After making Parmesan crisps a few days ago, I had a visions of sandwiches all somehow incorporating the crisps. Well, some turned our better than other, and here we stick to what we think are the amazing ones. This one is with a favorite ingredient, mashed potatoes, topped with a bit of sun dried tomato pesto we threw together (recipe to come), green onions, a few leaves of sweet basil from the garden, and of course the Parmesan to top it off.
By the way, if you have read a lot of our recipes, you’ll notice quite a few are on ‘rustic white bread’. For us, this means homemade bread made from more than 90% white flour. It may have extras, such as olives, cumin seeds, blue cheese, etc, but it’s essentially a white bread. What makes it rustic is that it looks, well, rustic. We’ll post a recipe later, but it’s quite involved and usually takes between 1-3 days to make, including sometimes pate fermente, biga or levain.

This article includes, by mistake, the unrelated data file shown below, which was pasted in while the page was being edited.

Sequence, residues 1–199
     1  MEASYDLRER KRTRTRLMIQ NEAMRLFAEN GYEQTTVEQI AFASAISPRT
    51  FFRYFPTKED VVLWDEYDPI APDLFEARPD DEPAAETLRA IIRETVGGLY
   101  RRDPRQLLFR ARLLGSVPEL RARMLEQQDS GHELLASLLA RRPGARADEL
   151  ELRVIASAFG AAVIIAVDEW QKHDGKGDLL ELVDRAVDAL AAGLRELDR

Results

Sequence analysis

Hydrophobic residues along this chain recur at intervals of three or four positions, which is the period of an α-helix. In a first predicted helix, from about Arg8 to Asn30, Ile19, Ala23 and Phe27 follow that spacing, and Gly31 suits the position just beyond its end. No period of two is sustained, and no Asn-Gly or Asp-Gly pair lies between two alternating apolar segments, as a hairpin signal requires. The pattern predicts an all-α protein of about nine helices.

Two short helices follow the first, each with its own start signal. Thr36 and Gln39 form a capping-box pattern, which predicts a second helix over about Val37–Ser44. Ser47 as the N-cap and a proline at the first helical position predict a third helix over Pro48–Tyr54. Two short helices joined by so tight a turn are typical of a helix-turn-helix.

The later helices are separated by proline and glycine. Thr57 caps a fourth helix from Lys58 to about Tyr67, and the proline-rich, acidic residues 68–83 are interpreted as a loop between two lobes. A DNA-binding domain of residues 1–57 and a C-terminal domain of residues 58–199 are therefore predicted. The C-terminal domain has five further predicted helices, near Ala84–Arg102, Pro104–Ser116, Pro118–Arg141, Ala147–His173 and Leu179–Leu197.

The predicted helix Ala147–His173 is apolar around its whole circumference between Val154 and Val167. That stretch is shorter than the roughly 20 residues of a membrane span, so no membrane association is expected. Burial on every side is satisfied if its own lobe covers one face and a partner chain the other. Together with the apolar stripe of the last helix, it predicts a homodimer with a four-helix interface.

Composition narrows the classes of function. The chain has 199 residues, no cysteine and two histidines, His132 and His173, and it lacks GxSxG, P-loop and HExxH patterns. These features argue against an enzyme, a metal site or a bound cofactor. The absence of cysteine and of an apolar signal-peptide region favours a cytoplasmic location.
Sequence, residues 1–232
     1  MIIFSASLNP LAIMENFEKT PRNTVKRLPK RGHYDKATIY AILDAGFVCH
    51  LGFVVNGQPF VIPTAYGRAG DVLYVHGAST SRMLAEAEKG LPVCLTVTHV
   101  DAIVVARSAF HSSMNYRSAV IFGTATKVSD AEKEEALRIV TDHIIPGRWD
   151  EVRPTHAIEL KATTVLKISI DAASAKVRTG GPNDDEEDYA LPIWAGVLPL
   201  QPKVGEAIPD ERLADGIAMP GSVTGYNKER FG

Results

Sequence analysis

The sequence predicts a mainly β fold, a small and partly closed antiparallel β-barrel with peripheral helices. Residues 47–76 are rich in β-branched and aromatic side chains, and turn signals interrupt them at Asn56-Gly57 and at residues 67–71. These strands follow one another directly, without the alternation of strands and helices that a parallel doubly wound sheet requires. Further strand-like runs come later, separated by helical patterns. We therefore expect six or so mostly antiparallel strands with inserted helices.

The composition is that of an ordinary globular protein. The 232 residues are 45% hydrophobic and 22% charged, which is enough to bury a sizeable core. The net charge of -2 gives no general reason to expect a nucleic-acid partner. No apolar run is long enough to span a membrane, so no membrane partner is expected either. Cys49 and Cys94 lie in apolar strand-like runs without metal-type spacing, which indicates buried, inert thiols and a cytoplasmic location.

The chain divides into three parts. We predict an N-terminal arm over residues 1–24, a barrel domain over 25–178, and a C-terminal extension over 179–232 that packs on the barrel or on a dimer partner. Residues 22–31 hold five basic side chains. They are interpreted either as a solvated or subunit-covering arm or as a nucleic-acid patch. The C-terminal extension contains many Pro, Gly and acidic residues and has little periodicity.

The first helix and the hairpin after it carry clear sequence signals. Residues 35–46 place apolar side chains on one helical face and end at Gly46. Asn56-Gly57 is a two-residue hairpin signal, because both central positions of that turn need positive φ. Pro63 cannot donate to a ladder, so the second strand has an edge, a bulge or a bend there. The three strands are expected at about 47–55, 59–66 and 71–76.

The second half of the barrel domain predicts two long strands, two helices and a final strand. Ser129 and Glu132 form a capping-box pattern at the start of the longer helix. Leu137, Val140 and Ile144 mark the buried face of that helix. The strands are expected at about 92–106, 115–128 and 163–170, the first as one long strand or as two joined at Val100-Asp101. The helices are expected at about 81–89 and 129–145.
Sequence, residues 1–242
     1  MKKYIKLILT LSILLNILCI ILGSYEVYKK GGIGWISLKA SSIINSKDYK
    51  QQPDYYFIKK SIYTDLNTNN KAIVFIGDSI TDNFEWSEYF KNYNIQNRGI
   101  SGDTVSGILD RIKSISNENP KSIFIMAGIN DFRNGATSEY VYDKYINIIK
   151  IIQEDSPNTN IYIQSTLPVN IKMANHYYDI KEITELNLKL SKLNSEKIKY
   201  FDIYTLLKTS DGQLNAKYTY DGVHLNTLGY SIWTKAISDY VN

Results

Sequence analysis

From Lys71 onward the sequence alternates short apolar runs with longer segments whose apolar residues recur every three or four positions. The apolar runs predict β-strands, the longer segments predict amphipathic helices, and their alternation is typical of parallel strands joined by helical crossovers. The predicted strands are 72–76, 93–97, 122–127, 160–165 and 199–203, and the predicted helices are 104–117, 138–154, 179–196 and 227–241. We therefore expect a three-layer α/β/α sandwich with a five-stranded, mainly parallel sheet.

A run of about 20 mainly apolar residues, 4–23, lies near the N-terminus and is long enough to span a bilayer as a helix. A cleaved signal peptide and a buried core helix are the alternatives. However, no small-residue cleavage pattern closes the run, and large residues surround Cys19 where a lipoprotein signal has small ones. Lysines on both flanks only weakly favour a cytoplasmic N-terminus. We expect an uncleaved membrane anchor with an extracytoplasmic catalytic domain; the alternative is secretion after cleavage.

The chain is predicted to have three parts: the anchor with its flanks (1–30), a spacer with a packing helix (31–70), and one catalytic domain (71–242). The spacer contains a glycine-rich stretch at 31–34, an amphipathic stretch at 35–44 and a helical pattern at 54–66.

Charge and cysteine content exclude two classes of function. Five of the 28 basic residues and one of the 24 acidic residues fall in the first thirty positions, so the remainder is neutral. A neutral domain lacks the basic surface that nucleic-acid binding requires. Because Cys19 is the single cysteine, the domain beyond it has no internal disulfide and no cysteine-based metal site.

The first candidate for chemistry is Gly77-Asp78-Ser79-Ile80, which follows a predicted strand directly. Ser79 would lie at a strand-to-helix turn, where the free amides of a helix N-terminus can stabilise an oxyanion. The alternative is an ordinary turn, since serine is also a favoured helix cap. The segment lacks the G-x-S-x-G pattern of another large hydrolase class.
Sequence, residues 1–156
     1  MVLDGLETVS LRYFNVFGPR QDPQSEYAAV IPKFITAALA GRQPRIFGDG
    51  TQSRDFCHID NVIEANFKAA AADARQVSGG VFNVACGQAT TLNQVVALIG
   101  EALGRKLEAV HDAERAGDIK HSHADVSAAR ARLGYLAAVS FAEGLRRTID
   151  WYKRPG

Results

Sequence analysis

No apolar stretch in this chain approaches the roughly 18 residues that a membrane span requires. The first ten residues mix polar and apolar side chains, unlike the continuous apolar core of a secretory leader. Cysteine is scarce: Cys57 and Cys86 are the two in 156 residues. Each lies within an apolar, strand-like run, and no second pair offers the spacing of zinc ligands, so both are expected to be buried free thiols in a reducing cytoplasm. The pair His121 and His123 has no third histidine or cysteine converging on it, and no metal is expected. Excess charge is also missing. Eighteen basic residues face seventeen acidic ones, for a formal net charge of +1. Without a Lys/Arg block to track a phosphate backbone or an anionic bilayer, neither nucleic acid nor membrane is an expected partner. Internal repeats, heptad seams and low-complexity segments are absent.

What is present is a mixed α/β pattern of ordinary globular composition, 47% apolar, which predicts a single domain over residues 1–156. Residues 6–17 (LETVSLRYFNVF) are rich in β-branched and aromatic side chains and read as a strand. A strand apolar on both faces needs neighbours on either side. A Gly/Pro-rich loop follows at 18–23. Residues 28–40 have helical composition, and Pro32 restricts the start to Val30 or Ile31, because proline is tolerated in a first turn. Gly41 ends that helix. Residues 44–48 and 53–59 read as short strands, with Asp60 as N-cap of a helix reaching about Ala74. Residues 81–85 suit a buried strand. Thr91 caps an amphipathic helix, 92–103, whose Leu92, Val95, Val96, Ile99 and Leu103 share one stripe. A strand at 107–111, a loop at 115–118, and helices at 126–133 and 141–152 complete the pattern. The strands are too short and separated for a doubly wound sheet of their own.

This sandwich we have named “Bambi” because she seems to be strutting her stuff all over the place, hoping to get picked up.
What do you do when life gives you fried chicken? Well, our answer is to make fried chicken sandwiches of course (What else would you expect from this blog). This is a great ‘leftover’ sandwich for the day after, and as you can see we added a little bit of everything (including pasta, which we can consider optional, but we had to try). If you wonder why the cheese is melting up, it’s because we toasted the bread opened, and then put the top on :-). This is also one of those sandwiches that require an extra hour on the treadmill afterwards, so proceed at your own risk.